[OPE-L] centralization of capital

From: Jurriaan Bendien (adsl675281@TISCALI.NL)
Date: Thu Feb 16 2006 - 10:56:00 EST

Marx's interpretation seems to be that "centralization" refers to the
effective ownership of productive assets in fewer hands (legal structure),
principally through the joint-stock system, while "concentration" refers to
the scale of production (physical plant size, or the amount of capital set
in motion in production).

So, if more and more enterprises are owned/controlled by the same
institutional entity or people, that would be "centralisation". If a few
large-scale enterprises substitute for many small-size enterprises, that
would be "concentration". Marx discusses in many passages how the one might
influence the other, but admittedly he sometimes uses "concentration" also
to refer to "centralisation" which is somewhat confusing.

There are many studies of the pattern of ownership and control of companies,
and, in official statistics, establishments are often ranked by the number
of workers employed. Rankings of the largest corporations globally are
provided by Forbes Magazine, Fortune Magazine and Business Review Weekly,
among others.

As regards the Fortune Global 500 largest corporations in 2003 (I don't have
the most recent data handy), they were
said to have issued share-capital worth about US$6.8 trillion and together
owned assets worth US$60.8 trillion. (Source: Fortune Vol. 150, No. 2,
Europe edition 13, July-August 2004, p. F-10). Banks, finance and insurance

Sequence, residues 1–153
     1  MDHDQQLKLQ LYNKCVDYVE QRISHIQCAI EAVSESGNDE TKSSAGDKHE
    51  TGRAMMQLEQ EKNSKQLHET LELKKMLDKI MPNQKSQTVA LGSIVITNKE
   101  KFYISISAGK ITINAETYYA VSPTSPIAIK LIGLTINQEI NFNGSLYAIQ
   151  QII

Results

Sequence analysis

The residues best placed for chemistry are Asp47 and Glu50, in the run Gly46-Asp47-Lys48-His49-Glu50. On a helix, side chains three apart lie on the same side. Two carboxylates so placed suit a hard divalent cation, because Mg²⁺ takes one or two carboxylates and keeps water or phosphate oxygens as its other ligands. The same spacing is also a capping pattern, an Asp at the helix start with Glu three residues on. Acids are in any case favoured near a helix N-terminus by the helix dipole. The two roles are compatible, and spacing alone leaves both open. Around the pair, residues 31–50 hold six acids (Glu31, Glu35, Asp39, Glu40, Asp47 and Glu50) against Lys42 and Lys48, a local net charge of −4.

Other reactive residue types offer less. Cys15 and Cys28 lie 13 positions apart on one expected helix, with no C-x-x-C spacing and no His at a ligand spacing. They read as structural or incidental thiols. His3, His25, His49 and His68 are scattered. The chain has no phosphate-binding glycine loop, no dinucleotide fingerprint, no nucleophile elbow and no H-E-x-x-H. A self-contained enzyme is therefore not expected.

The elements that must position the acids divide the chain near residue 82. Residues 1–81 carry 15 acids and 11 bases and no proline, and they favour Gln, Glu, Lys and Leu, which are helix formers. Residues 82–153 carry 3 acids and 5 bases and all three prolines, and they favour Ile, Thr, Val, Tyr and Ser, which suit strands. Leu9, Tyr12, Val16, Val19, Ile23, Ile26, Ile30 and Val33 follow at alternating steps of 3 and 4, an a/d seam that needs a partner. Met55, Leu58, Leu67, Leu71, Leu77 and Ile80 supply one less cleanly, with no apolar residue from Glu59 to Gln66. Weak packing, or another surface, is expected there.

companies are strongly represented in the list, and a number of them have
assets close to or larger than $1 trillion (e.g. Citigroup, ING, Deutsche
Bank, Mizuho, Mitsubishi). One trillion dollars is approximately equal to
the GDP of Mexico, Spain or Canada (world GDP is currently valued at about
40 trillion dollars).

According to the Merrill-Lynch report on "high net worth individuals", those
owning US$1 million or more in 2004 owned $30.8 trillion worth of assets.

Here in Holland, a country of 16.3 million people and a workforce of 7
million, there are about 102,600 people owning a million dollars or more,
and together they own about $310 billion of assets. Out of about 717,000
Dutch enterprises, about half are one-person enterprises, and about 1,300
enterprises have a workforce of 500 employees or more (6,595 enterprises
have more than 100 employees each). The top 10 Dutch corporations employ
about 1.5 million people worldwide; the top 40 corporations in Holland have
a number of employees equal to about 1/3 of the total Dutch workforce.


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